Still more, the apparatus of functional test compares the voltage value of the signal-under-test with the threshold voltage at preset timing. Therefore, it can detect the edge position or timing, over which the data pattern of the signal-under-test transits bit by bit, by shifting the comparison timing. It is then conceivable to be able to measure jitter by utilizing this function, i.e. by using the apparatus for performing functional testing.

However, the conventional apparatus for functional testing sets and uses sampling timing s based on test rate synchronized with the operating period of the signal-under-test. Therefore, for each test rate it is necessary to set phase of the sampling timing in order to gradually shift the relative phase of the sampling timing with respect to the signal-under-test within each test rate. It has been thus necessary to carry out the cumbersome timing setting in order to carry out the jitter test, and it has taken a significantly long time for testing. Still more, its measuring accuracy is insufficient and is not suitable for tests because its timing is shifted in the relative phase fashion. An aspect of the present invention solves a problem for selecting sampling timings at which an output signal from the device under test is sampled by using the apparatus for functional testing in order to realize both efficient and accurate measurements of jitter in the signal-under-test.

Additionally, it has not been known that how to process the measurement data in order to efficiently and accurately obtain the jitter characteristic or another measure in the signal-under-test from the measurement data, which retain the same jitter information as that of the signal-under-test as the result of solving the above described problem. Thus, an aspect of the present invention provides solution to a problem that how to efficiently and accurately obtain the jitter characteristic of the signal-under-test from the measurement data of the signal-under-test.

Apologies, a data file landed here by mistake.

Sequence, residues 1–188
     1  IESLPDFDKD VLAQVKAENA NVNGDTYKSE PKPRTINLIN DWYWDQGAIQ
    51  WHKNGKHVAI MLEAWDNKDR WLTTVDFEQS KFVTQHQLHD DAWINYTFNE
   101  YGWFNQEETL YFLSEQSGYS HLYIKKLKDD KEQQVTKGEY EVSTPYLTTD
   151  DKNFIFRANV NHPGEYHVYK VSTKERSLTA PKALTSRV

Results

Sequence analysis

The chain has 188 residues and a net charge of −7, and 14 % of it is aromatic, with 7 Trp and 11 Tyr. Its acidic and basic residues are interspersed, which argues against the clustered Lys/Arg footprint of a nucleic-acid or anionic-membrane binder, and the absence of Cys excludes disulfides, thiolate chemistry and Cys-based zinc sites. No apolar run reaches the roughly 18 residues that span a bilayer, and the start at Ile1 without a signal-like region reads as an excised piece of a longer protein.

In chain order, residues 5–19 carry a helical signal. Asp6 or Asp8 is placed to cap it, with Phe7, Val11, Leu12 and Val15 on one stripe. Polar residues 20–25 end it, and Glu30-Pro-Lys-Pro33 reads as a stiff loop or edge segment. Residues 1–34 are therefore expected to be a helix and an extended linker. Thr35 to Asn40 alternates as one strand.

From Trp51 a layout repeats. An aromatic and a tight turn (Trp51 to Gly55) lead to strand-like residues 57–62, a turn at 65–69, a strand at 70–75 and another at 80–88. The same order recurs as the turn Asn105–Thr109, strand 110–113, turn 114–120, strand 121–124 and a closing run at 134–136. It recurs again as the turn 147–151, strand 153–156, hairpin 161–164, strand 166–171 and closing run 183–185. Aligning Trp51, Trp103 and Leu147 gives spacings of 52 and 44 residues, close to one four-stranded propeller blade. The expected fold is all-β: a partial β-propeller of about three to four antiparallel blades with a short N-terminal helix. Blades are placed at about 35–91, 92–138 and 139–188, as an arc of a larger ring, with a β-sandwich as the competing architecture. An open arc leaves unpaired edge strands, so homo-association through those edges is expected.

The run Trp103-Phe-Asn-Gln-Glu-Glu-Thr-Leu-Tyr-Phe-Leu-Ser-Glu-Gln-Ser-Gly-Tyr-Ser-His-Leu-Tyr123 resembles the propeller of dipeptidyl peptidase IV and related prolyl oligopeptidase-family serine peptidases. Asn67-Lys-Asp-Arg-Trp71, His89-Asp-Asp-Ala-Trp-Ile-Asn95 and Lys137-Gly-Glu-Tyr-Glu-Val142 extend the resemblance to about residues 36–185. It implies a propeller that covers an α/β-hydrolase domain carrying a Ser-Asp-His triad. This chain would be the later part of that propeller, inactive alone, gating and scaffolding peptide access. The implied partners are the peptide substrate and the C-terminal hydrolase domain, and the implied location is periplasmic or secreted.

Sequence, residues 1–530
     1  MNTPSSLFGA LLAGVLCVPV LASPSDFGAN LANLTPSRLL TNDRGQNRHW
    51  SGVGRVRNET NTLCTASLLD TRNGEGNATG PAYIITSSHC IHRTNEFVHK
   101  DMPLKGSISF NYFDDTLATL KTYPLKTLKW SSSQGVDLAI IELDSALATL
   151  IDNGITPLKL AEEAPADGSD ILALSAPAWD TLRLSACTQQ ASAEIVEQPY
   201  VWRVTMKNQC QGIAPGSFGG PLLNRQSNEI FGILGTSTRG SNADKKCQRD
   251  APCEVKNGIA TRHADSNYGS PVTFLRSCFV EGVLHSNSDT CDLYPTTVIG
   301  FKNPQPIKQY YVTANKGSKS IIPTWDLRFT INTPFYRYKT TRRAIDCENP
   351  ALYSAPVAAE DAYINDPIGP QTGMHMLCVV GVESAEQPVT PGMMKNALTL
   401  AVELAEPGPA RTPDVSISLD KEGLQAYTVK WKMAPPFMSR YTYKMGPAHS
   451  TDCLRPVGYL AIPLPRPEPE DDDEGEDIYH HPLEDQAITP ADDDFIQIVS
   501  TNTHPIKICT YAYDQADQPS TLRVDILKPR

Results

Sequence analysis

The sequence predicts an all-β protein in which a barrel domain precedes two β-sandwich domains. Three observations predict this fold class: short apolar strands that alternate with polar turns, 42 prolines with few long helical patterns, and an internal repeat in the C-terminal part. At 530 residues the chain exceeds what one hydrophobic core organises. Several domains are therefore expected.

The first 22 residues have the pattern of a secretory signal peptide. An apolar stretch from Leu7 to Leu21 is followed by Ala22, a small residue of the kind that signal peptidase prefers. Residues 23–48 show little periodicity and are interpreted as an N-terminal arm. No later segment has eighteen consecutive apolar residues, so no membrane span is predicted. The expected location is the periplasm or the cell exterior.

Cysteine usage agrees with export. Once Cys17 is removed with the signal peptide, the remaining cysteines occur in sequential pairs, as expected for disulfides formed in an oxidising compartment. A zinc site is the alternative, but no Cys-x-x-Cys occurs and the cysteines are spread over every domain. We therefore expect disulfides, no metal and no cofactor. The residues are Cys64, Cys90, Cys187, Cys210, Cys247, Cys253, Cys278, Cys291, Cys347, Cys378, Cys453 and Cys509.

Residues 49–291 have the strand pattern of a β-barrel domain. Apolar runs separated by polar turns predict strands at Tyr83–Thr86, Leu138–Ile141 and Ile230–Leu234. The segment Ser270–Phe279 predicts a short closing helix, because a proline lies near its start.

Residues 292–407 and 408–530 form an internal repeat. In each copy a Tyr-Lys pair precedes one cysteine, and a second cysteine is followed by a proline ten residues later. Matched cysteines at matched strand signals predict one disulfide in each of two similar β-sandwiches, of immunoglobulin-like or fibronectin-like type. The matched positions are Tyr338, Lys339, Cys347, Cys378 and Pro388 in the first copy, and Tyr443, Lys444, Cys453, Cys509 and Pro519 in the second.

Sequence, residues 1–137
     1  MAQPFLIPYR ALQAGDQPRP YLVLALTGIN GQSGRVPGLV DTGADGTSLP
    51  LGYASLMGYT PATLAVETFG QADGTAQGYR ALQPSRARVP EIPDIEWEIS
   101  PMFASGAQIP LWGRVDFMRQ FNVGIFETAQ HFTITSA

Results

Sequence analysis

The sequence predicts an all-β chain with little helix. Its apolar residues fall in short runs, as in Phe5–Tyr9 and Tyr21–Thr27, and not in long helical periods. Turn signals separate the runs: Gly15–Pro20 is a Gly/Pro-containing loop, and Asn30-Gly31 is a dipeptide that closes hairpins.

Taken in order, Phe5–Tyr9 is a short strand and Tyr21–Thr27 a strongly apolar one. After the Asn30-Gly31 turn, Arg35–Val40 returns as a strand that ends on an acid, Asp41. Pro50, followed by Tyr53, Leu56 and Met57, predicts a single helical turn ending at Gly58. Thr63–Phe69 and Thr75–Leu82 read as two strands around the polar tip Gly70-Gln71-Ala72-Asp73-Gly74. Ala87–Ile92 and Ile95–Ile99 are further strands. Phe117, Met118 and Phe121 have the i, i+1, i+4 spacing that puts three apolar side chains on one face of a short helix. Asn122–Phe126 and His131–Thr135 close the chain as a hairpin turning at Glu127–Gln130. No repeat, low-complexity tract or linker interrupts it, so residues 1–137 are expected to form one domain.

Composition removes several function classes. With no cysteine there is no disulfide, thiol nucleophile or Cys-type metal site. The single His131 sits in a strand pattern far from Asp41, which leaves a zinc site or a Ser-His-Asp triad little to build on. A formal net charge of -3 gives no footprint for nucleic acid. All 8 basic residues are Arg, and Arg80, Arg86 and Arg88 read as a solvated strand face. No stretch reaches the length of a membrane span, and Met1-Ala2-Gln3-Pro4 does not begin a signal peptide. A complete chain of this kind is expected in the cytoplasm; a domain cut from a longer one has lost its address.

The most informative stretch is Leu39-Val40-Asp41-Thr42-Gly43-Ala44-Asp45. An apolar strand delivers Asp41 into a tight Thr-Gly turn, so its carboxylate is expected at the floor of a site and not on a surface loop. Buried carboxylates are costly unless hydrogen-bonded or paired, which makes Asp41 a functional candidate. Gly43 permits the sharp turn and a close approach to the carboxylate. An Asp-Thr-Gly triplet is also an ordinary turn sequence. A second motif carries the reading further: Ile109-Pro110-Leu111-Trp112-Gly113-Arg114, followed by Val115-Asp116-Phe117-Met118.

When jitter is measured by using an oscilloscope or the like, the signal-under-test to be inputted therein contains amplitude noise component in addition to the timing noise component. Therefore, it has been difficult to accurately measure only the timing noise of the signal-under-test. An aspect of the present invention demonstrates that the timing noise of the signal-under-test can be accurately measured by eliminating an effect of the amplitude noise component in the signal-under-test by using a voltage comparator provided in the apparatus for functional testing. Additionally, an aspect of the present invention demonstrates that a state of the signal-under-test (i.e. a state indicating whether the logical value of the signal-under-test is an expected logical value or not) can be sampled by using the voltage comparator.